A man seeking to change the law on assisted suicide begins his case before the Court of Appeal today.
The High Court ruled against a change last October after Noel Conway, who suffers from motor neurone disease, argued that the law is not compatible with his human rights.
Conway was granted permission to appeal his case, despite serious concerns over the dangerous consequences of legalising assisted suicide.
Pro-life organisations Care Not Killing and Not Dead Yet UK will be represented in court.
Dr Peter Saunders, from Care Not Killing, said: “The safest law is one Britain currently has.”
He added: “The blanket ban on assisted suicide is necessary in a democratic society in the interests of public safety for the protection of the rights and freedoms of others.
“I hope that the judges will once again dismiss this attempt to circumvent Parliament by refusing to change a law that has been debated and rejected on numerous occasions both at Westminster and Holyrood.”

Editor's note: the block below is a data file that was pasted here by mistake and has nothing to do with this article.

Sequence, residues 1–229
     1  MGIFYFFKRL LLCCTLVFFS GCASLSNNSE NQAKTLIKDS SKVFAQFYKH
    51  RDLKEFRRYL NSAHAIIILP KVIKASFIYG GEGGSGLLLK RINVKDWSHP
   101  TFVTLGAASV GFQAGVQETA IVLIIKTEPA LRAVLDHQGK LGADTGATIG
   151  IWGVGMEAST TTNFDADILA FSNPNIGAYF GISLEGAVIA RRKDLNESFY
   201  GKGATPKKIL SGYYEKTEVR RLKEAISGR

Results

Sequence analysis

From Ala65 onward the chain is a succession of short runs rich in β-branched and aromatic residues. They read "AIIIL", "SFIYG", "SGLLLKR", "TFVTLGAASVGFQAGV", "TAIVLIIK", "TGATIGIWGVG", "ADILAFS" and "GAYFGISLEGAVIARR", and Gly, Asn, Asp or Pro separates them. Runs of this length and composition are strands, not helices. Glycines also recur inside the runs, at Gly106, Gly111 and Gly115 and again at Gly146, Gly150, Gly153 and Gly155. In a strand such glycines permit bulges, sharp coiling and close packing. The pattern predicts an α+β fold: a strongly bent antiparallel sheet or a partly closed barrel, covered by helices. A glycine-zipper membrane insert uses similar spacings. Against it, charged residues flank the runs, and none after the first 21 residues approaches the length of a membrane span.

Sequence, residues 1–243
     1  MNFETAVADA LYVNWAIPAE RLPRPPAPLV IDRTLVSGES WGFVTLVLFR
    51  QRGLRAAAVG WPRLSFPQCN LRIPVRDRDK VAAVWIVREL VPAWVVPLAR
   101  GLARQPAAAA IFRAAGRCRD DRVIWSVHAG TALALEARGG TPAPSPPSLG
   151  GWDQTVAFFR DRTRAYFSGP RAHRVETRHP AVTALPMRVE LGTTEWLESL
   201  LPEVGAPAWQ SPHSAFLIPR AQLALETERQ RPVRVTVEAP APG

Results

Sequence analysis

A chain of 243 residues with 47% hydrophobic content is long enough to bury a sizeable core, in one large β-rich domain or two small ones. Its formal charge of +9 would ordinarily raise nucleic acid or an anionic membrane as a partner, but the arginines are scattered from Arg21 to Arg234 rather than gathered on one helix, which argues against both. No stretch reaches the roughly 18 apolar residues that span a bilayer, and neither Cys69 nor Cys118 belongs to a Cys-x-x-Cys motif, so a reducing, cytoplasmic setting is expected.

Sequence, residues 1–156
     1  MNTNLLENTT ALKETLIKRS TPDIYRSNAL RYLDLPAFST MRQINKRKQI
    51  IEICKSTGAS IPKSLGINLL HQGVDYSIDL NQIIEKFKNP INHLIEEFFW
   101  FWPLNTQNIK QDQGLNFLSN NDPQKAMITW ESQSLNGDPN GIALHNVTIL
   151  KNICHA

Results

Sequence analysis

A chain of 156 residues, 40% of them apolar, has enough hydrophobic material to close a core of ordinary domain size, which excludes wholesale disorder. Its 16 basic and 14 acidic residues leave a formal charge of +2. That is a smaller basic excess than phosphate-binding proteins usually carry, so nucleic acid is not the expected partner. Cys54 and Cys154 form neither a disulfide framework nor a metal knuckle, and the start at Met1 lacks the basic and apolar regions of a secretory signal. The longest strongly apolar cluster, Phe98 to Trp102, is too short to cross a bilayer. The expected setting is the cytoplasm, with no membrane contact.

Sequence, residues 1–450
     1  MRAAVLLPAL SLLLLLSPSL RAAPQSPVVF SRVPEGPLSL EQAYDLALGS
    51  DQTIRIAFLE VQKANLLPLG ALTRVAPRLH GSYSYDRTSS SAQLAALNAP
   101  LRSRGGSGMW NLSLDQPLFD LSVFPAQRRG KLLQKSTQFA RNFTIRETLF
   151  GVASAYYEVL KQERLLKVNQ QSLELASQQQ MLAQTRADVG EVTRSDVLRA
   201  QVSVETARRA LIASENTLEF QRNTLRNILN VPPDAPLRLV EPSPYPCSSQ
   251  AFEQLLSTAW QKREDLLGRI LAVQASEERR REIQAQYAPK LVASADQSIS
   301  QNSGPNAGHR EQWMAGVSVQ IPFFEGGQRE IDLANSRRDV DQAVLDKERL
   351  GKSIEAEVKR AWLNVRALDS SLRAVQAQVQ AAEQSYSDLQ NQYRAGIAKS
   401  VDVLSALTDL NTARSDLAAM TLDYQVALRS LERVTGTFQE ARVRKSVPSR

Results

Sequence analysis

Conway, 68, wants doctors to help him commit suicide because of his condition.
He is being supported in his case by Dignity in Dying, formerly known as the Voluntary Euthanasia Society, and Humanists UK.
Under the law in England, Wales and Northern Ireland, a person who intentionally encourages or assists the suicide or attempted suicide of another person commits an offence which carries a maximum prison sentence of 14 years.
A Bill to legalise assisted suicide was soundly defeated in the House of Commons in 2015 by 330 votes to 118. The Assisted Suicide (Scotland) Bill was also rejected by 82 votes to 36.